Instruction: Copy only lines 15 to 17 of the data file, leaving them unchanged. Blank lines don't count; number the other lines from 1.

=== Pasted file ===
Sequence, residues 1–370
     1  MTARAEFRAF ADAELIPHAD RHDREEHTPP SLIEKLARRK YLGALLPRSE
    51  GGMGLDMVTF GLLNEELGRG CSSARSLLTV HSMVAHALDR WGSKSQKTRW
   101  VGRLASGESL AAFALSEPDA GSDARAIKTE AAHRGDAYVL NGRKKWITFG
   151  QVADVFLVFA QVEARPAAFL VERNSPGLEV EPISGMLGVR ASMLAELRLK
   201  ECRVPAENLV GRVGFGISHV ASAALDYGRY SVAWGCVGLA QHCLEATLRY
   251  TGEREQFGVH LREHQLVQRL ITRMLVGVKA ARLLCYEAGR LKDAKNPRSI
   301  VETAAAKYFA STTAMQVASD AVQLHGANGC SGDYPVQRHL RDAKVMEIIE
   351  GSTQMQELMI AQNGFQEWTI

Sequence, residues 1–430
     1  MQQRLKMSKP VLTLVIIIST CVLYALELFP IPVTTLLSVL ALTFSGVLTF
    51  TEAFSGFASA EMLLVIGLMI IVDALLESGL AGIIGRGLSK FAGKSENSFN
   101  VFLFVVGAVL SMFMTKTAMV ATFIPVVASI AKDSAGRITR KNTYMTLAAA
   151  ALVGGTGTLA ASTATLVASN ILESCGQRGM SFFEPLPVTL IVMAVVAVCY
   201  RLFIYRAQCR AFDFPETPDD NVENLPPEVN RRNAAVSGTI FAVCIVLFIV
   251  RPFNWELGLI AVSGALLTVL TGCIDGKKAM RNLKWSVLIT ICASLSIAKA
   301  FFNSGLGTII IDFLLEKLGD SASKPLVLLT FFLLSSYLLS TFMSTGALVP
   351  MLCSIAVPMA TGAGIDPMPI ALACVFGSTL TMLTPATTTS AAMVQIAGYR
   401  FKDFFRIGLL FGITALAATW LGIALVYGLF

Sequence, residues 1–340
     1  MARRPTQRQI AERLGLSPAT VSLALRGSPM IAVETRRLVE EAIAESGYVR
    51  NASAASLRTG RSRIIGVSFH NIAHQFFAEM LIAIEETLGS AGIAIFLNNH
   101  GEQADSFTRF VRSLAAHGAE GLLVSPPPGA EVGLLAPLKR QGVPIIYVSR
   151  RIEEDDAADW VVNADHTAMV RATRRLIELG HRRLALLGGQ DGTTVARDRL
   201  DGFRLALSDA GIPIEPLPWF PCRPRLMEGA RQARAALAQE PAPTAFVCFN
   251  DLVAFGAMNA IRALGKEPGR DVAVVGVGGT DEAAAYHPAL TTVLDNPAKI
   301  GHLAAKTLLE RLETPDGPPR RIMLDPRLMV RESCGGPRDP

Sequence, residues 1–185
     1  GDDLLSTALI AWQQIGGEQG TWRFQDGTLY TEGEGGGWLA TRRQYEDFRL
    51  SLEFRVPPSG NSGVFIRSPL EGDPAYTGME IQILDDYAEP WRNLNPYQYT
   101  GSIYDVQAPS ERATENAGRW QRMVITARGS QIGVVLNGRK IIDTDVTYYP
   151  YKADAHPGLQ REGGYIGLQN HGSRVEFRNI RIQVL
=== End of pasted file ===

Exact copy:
   201  RLFIYRAQCR AFDFPETPDD NVENLPPEVN RRNAAVSGTI FAVCIVLFIV
   251  RPFNWELGLI AVSGALLTVL TGCIDGKKAM RNLKWSVLIT ICASLSIAKA
   301  FFNSGLGTII IDFLLEKLGD SASKPLVLLT FFLLSSYLLS TFMSTGALVP